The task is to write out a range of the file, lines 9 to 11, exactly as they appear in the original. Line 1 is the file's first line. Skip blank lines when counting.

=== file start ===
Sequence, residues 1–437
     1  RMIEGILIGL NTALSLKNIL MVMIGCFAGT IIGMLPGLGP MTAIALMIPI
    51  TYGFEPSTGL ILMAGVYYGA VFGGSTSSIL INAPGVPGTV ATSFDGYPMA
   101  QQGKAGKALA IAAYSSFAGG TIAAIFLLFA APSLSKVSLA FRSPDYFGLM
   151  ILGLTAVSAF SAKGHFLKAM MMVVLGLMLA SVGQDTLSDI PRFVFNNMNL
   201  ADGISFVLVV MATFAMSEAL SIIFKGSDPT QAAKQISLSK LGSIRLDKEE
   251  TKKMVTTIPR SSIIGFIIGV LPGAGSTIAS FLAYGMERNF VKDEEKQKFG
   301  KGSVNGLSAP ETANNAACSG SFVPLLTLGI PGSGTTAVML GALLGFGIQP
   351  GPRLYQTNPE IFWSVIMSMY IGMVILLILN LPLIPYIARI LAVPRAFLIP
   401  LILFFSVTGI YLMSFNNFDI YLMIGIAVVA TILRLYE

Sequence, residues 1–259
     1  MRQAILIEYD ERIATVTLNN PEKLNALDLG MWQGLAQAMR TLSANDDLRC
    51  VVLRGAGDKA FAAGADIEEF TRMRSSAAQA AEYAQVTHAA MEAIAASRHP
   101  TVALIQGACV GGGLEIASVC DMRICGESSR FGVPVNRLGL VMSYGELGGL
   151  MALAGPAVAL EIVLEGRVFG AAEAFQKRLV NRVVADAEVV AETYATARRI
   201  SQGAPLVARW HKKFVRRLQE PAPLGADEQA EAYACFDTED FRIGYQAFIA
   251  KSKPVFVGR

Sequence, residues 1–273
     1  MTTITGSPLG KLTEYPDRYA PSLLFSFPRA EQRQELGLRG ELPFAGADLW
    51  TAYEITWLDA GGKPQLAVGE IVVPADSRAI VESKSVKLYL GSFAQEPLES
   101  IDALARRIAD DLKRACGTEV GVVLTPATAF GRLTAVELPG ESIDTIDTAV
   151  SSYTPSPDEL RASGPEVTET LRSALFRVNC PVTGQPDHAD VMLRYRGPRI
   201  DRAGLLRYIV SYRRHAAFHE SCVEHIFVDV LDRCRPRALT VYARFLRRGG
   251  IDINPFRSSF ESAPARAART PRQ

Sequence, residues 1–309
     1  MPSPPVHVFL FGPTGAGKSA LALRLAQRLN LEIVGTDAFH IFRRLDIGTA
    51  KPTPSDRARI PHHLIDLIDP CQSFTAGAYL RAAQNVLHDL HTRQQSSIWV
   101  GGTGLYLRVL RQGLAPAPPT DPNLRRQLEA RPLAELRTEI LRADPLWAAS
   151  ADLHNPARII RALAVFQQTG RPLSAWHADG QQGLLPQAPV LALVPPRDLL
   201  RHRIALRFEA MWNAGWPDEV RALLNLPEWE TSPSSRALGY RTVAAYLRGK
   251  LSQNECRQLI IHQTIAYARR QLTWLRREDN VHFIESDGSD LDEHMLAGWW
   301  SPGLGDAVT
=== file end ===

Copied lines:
   351  GPRLYQTNPE IFWSVIMSMY IGMVILLILN LPLIPYIARI LAVPRAFLIP
   401  LILFFSVTGI YLMSFNNFDI YLMIGIAVVA TILRLYE

Sequence, residues 1–259